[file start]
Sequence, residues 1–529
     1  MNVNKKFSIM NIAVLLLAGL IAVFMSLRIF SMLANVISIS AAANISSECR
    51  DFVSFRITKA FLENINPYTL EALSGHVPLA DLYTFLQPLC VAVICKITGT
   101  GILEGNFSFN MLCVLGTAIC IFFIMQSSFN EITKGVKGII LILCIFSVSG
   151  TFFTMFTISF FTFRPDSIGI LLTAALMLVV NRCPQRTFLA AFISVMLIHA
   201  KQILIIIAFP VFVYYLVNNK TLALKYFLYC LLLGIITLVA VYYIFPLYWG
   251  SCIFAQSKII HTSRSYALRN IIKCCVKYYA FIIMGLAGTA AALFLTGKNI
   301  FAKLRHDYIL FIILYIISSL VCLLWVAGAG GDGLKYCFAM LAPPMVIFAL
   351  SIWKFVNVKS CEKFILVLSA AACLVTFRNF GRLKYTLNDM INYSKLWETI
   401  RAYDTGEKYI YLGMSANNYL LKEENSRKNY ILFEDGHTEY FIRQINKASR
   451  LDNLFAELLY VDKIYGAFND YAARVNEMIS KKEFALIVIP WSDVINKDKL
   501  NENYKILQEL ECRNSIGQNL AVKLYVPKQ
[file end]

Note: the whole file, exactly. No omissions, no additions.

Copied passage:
Sequence, residues 1–529
     1  MNVNKKFSIM NIAVLLLAGL IAVFMSLRIF SMLANVISIS AAANISSECR
    51  DFVSFRITKA FLENINPYTL EALSGHVPLA DLYTFLQPLC VAVICKITGT
   101  GILEGNFSFN MLCVLGTAIC IFFIMQSSFN EITKGVKGII LILCIFSVSG
   151  TFFTMFTISF FTFRPDSIGI LLTAALMLVV NRCPQRTFLA AFISVMLIHA
   201  KQILIIIAFP VFVYYLVNNK TLALKYFLYC LLLGIITLVA VYYIFPLYWG
   251  SCIFAQSKII HTSRSYALRN IIKCCVKYYA FIIMGLAGTA AALFLTGKNI
   301  FAKLRHDYIL FIILYIISSL VCLLWVAGAG GDGLKYCFAM LAPPMVIFAL
   351  SIWKFVNVKS CEKFILVLSA AACLVTFRNF GRLKYTLNDM INYSKLWETI
   401  RAYDTGEKYI YLGMSANNYL LKEENSRKNY ILFEDGHTEY FIRQINKASR
   451  LDNLFAELLY VDKIYGAFND YAARVNEMIS KKEFALIVIP WSDVINKDKL
   501  NENYKILQEL ECRNSIGQNL AVKLYVPKQ